We study the possibility of realizing strong coupled many-body quantum phases in ultracold atomic systems. Motivated by recent experiments, we first analyze the phase diagram of a Bose-Fermi mixture across a Feshbach resonance, and offer an explanation for the collapse of the system observed close to the Feshbach resonance: we find that phase separation leads to a high density phase which causes the collapse. We then focus on the recent attempts to realize the three-dimensional fermionic Hubbard model in an optical lattice. One milestone on the experimentalists' agenda is to access the antiferromagnetic ordered Neél phase, which has so far been hindered by the low ordering temperature. We ask which experimental parameters maximize the antiferromagnetic interactions, which set the scale for the ordering temperature. We find that the maximum is obtained in a regime where the effective Hamiltonian describing the system no longer corresponds to a simple one-band Hubbard model, and we characterize the physics of the system in this regime. The final system we consider is mass imbalanced polarized two-component Fermi gases interacting via a Feshbach resonance. By going to the strongly polarized limit, we use a recently developed method to obtain results which have been shown to be accurate in the mass balanced case, and we find an intriguing set of competing phases in this limit. We discuss what these results imply for the full phase diagram.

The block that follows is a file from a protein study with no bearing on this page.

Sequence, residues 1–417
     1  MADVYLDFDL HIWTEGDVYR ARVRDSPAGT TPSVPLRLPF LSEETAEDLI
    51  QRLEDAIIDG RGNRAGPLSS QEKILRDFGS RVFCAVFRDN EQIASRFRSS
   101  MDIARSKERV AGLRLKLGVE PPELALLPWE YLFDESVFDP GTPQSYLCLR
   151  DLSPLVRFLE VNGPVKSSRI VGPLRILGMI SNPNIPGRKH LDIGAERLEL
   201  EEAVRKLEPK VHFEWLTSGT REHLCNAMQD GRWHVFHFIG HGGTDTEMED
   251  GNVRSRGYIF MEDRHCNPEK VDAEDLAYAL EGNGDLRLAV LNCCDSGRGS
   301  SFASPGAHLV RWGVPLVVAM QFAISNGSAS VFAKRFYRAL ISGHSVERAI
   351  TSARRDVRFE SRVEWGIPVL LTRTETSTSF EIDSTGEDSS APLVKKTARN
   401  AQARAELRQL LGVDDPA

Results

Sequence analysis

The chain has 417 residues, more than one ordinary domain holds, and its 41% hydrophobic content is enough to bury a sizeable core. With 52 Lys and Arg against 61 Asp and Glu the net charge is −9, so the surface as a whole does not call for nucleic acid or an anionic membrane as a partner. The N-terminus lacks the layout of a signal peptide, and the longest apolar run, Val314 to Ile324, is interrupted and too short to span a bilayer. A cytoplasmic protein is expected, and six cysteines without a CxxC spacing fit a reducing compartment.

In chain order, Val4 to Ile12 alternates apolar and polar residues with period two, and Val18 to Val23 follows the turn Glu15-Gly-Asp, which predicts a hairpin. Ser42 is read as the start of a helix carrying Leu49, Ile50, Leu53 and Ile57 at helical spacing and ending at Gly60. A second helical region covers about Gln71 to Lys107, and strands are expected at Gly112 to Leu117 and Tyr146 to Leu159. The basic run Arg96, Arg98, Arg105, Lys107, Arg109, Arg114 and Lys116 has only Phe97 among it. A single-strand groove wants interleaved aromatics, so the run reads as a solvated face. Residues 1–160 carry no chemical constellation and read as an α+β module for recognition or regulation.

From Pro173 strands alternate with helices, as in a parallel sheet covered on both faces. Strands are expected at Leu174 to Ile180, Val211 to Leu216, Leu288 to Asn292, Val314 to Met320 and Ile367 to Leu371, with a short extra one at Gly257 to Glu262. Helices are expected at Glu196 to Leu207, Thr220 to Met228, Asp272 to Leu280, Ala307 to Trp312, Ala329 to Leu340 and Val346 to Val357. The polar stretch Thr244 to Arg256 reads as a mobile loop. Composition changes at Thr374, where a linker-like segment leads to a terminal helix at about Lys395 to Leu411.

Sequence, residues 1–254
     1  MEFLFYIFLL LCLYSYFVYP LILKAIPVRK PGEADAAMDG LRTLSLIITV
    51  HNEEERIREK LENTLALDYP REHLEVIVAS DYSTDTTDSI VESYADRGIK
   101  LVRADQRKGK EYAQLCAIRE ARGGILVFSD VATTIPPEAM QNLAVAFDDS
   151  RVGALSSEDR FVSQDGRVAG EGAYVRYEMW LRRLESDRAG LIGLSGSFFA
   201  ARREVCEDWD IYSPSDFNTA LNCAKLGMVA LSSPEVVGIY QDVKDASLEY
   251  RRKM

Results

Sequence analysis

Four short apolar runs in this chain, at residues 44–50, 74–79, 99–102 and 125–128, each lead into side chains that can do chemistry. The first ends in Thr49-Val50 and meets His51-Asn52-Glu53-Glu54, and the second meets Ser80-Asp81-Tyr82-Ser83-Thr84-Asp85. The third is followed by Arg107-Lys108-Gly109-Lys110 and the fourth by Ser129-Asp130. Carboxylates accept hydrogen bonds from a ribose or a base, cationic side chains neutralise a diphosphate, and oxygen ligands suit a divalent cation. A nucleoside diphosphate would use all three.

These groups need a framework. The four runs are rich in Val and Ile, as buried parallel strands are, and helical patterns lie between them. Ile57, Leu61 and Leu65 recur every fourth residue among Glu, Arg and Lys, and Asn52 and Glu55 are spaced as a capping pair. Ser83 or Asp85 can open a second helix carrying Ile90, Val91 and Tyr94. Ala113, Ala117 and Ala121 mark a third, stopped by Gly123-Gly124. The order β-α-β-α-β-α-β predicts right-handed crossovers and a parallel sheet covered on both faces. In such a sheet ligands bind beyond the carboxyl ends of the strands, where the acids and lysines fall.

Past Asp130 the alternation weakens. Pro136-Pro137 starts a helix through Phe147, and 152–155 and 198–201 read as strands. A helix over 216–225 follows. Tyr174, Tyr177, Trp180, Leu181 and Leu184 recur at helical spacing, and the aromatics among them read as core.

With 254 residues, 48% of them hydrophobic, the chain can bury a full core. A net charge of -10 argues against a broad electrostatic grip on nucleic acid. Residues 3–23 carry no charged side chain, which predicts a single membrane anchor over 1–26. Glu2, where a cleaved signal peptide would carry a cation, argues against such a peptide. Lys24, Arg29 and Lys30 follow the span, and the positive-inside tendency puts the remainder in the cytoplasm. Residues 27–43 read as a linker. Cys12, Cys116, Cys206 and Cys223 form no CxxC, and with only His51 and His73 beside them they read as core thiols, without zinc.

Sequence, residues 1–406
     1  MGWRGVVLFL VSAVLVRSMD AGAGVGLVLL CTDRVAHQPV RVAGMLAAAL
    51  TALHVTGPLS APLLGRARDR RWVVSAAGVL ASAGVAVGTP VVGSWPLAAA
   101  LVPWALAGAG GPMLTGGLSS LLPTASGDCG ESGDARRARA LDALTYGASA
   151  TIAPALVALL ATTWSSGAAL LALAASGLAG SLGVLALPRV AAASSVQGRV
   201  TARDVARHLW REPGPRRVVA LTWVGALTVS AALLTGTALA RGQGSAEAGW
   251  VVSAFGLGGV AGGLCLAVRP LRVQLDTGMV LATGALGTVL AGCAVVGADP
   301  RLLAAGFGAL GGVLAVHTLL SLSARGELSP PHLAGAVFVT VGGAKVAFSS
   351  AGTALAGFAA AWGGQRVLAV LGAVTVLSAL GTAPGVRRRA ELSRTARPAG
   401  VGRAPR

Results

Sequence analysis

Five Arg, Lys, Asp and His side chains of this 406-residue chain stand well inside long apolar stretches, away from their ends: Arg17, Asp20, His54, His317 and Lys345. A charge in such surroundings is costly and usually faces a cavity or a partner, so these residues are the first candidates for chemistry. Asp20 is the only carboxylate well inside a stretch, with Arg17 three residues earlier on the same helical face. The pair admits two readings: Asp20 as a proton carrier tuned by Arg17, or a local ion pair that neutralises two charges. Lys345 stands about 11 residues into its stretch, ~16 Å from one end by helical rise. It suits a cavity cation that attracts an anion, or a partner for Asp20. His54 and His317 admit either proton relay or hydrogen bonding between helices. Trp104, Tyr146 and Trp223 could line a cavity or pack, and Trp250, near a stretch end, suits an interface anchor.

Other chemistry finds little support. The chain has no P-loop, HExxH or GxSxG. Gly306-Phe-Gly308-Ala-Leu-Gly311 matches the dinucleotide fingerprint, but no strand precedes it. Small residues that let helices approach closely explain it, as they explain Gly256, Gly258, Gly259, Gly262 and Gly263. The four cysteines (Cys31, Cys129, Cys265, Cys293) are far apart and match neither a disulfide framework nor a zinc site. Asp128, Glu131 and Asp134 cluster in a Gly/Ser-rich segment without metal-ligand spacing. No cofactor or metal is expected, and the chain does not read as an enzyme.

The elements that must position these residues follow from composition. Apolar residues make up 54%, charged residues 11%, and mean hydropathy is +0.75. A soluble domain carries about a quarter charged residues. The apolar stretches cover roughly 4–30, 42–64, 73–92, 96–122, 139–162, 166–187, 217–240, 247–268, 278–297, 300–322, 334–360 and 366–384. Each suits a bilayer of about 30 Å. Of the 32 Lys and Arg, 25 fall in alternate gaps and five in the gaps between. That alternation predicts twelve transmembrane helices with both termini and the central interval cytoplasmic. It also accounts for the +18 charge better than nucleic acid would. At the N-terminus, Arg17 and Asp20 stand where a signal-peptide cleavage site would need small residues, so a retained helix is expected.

|Advisor:||Huse, David A.|
|School Location:||United States -- New Jersey|
|Source:||DAI-B 71/11, Dissertation Abstracts International|
|Subjects:||Condensed matter physics, Atomic physics|
|Keywords:||Bose-fermi mixtures, Condensed matter, Optical lattices, Quantum gases, Ultracold atoms|
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